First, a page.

This paper analyses the determinants of cross-regional variations in expenditure and consumption for non-prescription drugs using the Italian Health Care System as a case study. This research question has never been posed in other literature contributions. Per capita income, the incidence of elderly people, the presence of distribution points alternative to community pharmacies (para-pharmacies and drug corners in supermarkets), and the disease prevalence were included as possible explanatory variables. A trade-off between consumption of non-prescription and prescription-only drugs was also investigated. Correlation was tested through linear regression models with regional fixed-effects. Demand-driven variables, including the prevalence of the target diseases and income, were found to be more influential than supply-side variables, such as the presence of alternative distribution points. Hence, the consumption of non-prescription drugs appears to respond to needs and is not induced by the supply. The expected trade-off between consumption for prescription-only and non-prescription drugs was not empirically found: increasing the use of non-prescription drugs did not automatically imply savings on prescription-only drugs covered by third payers. Despite some caveats (the short period of time covered by the longitudinal data and some missing monthly data), the regression model revealed a high explanatory power of the variability and a strong predictive ability of future values.

      PubDate: 2018-02-05T15:56:08Z
      DOI: 10.1016/j.healthpol.2018.01.012
  • Improving health care service provision by adapting to regional diversity:
           An efficiency analysis for the case of Germany
    • Authors: Helmut Herwartz; Katharina Schley
      Abstract: Publication date: Available online 12 January 2018
      Source:Health Policy
      Author(s): Helmut Herwartz, Katharina Schley
      The provision of health care in Germany exhibits sizeable geographic variation with a heterogeneous allocation of medical services in rural and urban areas. Furthermore, distinct utilisation patterns and access barriers due to the socio-economic environment might cause inefficiencies in the provision of health care services. Accordingly, an improved understanding of factors governing inefficiencies in health care provision is likely to benefit an efficient spatial allocation of health care infrastructure. We analyse how socio-economic factors influence the regional distribution of (in)efficiencies in the provision of health care services by means of a stochastic frontier analysis. Our results highlight that regional deprivation relates to inefficient provision of health care services. As a consequence, policies should also consider socio-economic conditions to improve the allocation of medical services and overall health.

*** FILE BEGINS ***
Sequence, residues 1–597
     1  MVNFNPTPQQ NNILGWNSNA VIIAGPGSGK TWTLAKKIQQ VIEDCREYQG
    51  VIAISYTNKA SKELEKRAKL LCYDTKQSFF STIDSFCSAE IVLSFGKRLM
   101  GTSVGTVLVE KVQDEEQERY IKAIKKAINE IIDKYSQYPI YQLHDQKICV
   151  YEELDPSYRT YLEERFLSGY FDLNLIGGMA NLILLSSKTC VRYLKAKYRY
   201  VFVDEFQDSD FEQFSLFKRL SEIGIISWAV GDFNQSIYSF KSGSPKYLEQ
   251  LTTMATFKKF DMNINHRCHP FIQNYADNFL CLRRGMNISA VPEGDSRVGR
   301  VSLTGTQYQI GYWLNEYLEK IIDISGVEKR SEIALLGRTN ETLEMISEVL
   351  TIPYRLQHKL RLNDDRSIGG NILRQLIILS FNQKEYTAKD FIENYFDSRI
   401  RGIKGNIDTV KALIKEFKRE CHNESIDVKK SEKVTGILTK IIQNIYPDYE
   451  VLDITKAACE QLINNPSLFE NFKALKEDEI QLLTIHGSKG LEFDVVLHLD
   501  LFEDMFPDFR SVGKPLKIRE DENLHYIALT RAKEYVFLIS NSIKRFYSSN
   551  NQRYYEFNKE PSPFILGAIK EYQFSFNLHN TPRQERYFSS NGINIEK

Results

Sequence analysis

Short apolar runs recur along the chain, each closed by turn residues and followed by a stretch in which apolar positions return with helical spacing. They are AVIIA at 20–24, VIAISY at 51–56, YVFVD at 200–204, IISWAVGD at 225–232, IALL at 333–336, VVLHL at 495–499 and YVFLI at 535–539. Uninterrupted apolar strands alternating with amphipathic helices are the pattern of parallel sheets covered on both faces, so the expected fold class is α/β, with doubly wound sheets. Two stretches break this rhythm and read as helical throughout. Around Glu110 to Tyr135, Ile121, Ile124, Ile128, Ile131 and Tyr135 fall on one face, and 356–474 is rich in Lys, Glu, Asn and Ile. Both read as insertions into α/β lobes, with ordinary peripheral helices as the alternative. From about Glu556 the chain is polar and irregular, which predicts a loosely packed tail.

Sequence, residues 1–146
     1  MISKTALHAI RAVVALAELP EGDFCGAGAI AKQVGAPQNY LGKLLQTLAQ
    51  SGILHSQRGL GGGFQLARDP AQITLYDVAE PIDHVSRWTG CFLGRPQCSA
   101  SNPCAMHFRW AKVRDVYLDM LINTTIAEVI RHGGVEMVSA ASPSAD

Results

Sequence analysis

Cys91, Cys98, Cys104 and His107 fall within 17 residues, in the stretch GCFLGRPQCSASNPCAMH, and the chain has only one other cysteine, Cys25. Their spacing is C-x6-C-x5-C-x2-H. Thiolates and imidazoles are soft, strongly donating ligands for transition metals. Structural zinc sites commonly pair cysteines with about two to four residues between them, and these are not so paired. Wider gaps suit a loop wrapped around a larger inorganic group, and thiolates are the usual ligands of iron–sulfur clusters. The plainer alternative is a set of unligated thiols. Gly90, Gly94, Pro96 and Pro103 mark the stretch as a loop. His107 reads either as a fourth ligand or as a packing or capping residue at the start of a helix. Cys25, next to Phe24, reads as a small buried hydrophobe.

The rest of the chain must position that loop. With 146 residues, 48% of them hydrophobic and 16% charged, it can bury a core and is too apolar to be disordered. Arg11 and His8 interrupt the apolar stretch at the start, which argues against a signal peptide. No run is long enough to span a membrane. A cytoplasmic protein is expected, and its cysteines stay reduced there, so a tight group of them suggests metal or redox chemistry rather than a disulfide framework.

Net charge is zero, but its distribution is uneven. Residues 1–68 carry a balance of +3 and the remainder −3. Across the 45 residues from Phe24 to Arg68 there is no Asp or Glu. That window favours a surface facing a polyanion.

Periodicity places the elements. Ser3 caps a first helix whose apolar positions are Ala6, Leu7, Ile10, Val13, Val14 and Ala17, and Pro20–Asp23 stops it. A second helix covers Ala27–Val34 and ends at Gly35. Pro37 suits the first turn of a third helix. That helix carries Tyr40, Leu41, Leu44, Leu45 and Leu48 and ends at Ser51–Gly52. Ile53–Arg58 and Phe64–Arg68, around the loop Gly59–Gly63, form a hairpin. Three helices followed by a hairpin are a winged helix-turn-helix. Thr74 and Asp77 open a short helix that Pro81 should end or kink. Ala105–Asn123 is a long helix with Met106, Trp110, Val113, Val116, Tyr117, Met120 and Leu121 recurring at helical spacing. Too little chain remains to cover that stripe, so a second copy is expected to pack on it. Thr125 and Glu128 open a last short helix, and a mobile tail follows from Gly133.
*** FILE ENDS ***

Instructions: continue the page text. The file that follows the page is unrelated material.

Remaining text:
PubDate: 2018-02-05T15:56:08Z
      DOI: 10.1016/j.healthpol.2018.01.004
  • Ten Years after the Creation of the Portuguese National Network for
           Long-Term Care in 2006: Achievements and Challenges
    • Authors: Hugo Lopes; Céu Mateus; Cristina Hernández-Quevedo
      Abstract: Publication date: Available online 11 January 2018
      Source:Health Policy
      Author(s): Hugo Lopes, Céu Mateus, Cristina Hernández-Quevedo